Thanksgiving – by the sheer nature of its name – forces us to acknowledge Spirit in the second person, to thank the “thou” that is the Cosmos, or the Cosmos that is the “thou” – Father God, Mother Nature, Gaia, Holy Spirit.
On this one day a year, even atheists are thankful to their lucky stars, fate, Nature, or the Universe for granting them good fortune and helping to guide them through the signposts of life.
Today, we open our hearts, we mind our manners, and to whomever (or whatever) we love – or that loves us – we say “Thank You.”
Today, as millions gather and hold hands around tables for a shared meal to acknowledge this sense of gratitude and to celebrate with a ceremonial feast, we offer up this blessing, honoring Spirit in second person.
As we gather together today, we give thanks and are grateful for all the things we sometimes take for granted.
Our bodies and our health.
The health and well-being of our families.
The love and support of our family and friends.
The interconnected community in which we live and thrive.
All of our unfolding and new growth.
All of our milestones and victories and success.
As well as the obstacles we’ve overcome and the lessons we’ve learned along the way.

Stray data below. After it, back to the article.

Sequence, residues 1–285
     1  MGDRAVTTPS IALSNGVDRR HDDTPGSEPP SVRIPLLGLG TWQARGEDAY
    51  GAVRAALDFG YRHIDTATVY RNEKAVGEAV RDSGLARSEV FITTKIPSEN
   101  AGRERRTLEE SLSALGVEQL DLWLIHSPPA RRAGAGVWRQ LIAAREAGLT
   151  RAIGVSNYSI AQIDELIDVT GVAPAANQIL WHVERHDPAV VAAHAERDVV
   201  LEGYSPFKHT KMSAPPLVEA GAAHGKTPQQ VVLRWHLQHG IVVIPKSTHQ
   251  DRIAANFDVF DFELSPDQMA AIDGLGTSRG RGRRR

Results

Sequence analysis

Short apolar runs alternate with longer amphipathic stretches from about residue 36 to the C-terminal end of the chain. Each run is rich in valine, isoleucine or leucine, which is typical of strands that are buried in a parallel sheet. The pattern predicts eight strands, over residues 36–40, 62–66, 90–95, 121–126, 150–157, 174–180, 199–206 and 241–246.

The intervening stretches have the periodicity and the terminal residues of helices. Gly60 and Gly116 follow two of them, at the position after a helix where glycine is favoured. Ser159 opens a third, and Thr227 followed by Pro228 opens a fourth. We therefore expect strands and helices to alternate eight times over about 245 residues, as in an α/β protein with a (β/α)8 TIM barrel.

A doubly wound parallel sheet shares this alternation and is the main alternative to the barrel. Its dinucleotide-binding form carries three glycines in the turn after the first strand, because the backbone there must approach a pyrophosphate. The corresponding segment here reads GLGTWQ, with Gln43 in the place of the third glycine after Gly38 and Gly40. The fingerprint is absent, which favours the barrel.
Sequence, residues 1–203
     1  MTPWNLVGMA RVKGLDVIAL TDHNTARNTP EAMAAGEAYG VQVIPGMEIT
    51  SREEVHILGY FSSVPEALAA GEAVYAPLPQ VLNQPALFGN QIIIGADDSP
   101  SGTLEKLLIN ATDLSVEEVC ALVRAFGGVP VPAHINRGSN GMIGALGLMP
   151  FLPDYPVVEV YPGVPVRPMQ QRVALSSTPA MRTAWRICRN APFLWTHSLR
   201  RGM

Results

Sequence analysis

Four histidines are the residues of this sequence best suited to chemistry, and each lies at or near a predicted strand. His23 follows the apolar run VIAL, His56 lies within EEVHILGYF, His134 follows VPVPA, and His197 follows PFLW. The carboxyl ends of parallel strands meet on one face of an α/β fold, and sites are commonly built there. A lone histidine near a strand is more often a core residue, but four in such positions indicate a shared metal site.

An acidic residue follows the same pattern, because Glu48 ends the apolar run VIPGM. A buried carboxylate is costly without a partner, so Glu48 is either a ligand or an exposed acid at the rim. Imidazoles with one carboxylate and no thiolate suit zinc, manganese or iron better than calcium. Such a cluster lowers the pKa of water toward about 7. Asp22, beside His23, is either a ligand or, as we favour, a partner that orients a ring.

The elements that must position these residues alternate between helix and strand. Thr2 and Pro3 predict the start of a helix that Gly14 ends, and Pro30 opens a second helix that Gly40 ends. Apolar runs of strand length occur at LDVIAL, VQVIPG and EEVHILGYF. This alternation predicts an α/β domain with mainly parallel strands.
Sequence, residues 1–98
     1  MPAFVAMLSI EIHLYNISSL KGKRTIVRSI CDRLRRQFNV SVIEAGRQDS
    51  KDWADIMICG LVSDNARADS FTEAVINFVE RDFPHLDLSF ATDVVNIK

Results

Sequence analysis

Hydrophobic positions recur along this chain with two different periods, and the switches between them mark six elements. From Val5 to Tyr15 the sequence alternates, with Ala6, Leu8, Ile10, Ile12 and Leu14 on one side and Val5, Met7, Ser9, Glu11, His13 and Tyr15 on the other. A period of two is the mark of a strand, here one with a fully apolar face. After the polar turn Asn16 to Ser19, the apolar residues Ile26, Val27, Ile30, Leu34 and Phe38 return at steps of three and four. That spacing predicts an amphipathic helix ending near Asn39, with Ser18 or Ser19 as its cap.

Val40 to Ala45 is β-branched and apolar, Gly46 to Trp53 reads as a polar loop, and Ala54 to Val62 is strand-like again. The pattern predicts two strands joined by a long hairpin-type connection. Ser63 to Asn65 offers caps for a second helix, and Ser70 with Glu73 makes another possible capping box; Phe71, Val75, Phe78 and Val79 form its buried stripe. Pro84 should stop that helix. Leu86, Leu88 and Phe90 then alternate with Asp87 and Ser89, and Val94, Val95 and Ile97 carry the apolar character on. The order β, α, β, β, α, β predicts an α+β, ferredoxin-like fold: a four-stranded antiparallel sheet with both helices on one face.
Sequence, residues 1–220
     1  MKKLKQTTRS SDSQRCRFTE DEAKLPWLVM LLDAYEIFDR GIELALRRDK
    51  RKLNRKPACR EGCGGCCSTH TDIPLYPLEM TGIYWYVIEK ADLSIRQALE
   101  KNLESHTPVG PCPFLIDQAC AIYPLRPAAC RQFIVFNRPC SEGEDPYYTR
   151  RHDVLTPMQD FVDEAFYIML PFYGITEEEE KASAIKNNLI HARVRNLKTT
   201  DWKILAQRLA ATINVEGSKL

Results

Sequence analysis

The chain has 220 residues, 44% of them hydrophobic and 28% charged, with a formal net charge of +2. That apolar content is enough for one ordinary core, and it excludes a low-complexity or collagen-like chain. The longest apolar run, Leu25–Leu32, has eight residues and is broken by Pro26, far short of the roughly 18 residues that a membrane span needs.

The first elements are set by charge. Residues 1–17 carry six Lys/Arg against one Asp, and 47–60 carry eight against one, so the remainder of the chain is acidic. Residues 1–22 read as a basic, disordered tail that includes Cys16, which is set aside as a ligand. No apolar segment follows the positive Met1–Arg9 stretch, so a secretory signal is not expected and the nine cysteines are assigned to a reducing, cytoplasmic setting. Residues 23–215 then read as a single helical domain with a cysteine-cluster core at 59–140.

Today, we are thankful just for the ability to spend time together around the table for a moment without the distractions of our phones and screens.
We are thankful to just be here in the presence of family — to love and be loved — and enjoy a wonderful meal.
We are also grateful.
We are grateful for our ability to give to those less fortunate.
We are grateful to those serving our country and those active in the work of building or rebuilding here and abroad.
To those that have passed on and are unable to be with us today, but from whom we have learned so much.
And to our children and the future generations who will carry on our traditions once we leave this world.
We also ask for blessings.
Bless the hands that have harvested and prepared this meal.
Bless any animals who have given their lives for this meal.
Bless the Earth from which it came.
Bless us as we receive this meal and nourish our bodies.
We ask for renewed strength to navigate this world mindfully, beneficially and sustainably.
That we may be both a beacon and a compass to those in need of an example or guidance.
And that we may leave this world a better place than we found it.
Thank you for the ability to learn and love and laugh and grow.
Thank you for the opportunity to be and to create change in the world, here and now, by changing ourselves.
Thank you for life and for the joyful act of living.
November 26th, 2014 at 7:38 am
[…] Joran Slane Oppelt This is an updated and revised version of the previously published “Thanksgiving Prayer,” with additional material inspired by Matthew Fox. […]